Writing India, 1757-1990: The Literature of British India
B. J. Moore-Gilbert, Dr Bart Moore-Gilbert, Dr
Manchester University Press, 1996 - Literary Criticism - 271 pages
This volume provides an analytic survey of the literature produced as a consequence of the long history of Britain's rule in India. It stretches from the establishment of British hegemony in the 1750's to the achievement of Indian independence in the postcolonial era almost two centuries later. Writing India concludes with a chapter on Salman Rushdie in order to suggest the complex relation of continuity as well as conflict between colonial and postcolonial constructions of India.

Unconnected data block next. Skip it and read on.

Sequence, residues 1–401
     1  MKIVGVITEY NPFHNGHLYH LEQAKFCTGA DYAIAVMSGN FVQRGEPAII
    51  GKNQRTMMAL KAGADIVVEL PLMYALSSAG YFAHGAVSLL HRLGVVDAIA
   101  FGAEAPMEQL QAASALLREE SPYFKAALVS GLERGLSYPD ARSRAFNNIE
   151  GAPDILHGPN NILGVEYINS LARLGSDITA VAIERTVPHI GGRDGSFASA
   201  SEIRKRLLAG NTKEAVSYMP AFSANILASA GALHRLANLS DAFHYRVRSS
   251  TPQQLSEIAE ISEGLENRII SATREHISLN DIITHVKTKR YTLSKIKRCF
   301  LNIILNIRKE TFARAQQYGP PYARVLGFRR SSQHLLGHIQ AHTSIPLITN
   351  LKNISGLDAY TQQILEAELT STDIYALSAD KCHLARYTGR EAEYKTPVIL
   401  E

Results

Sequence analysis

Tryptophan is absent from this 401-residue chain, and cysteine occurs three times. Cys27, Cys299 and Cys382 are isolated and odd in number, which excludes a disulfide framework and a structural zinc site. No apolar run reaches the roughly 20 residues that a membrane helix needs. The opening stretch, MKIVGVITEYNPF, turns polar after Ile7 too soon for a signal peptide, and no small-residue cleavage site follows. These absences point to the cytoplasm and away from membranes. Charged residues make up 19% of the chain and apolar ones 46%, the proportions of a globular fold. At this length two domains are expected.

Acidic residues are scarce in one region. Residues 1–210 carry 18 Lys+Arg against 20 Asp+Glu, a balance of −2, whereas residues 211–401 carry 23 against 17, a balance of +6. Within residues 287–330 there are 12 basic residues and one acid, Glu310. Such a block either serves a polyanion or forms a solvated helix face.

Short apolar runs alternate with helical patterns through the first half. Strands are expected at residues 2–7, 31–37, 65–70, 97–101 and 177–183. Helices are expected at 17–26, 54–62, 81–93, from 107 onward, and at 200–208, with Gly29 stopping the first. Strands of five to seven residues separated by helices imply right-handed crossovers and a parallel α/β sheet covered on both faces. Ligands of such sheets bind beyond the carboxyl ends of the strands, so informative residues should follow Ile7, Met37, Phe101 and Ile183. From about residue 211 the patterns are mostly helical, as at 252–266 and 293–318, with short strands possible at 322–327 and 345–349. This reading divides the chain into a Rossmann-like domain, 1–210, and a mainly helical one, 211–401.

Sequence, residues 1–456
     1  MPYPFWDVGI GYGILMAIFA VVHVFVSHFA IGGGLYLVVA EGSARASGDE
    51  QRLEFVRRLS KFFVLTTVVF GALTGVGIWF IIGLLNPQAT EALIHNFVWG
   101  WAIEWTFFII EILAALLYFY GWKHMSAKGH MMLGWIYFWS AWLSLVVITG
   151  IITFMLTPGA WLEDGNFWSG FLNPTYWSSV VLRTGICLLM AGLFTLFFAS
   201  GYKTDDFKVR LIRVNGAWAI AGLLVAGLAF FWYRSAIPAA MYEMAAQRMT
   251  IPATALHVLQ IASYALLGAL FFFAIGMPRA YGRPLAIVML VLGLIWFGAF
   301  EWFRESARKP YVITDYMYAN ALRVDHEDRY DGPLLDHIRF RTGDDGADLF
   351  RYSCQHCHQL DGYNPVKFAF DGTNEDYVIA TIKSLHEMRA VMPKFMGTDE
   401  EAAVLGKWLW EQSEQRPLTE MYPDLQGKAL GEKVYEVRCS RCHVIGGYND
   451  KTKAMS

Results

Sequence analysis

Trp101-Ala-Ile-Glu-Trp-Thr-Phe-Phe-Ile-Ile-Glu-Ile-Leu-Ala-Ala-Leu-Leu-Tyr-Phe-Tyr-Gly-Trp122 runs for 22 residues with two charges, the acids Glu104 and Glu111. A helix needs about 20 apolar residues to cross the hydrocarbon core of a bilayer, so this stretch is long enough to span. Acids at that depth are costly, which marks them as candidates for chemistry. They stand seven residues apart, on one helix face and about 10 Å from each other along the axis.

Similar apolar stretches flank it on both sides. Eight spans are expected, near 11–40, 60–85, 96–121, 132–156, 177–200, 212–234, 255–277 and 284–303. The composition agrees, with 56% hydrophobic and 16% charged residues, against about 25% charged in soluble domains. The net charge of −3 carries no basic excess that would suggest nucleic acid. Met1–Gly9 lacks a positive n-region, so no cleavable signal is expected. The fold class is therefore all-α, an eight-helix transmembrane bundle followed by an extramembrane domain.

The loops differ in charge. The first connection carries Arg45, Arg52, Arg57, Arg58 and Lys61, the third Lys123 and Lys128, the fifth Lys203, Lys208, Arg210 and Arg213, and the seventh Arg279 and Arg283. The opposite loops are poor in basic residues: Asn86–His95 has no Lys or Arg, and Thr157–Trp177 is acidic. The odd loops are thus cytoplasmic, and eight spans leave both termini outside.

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ambivalence Ameer Ali's Anglo-Indian Anglo-Indian domestic novel Anglo-Indian poetry argues authority Bengal Bhabha Black Hole British India British rule Calcutta City Wall Cocoanut colonial discourse analysis colonial harem Confessions context critics cultural desire discourse analysis E. M. Forster empire English India essay European example fantasy Forster gender genre Harmondsworth heterosexual Hindu Holwell Holwell's homosexuality hybrid Ibid identity ideological imperial Kate Khem Singh Kim's Kipling's language Leyden literary literature male marriage Medwin Merrick Midnight's Children narrative Narratives of Empire narrator narrator's native Naulahka Orientalism orientalist Oxford University Press Parry Passage to India Paul Penguin poem political postcolonial postmodernism postmodernist racial Raj Quartet reader relationship representation represents Rhetoric of English role romance Routledge Rudyard Kipling Rushdie Rushdie's Said's Salman Rushdie Sara Suleri Scott sense sexual social story suggests Suleri Tarvin textual Thagi Thug Thuggee traditions tropes Vithobai Wali Dad western woman women writing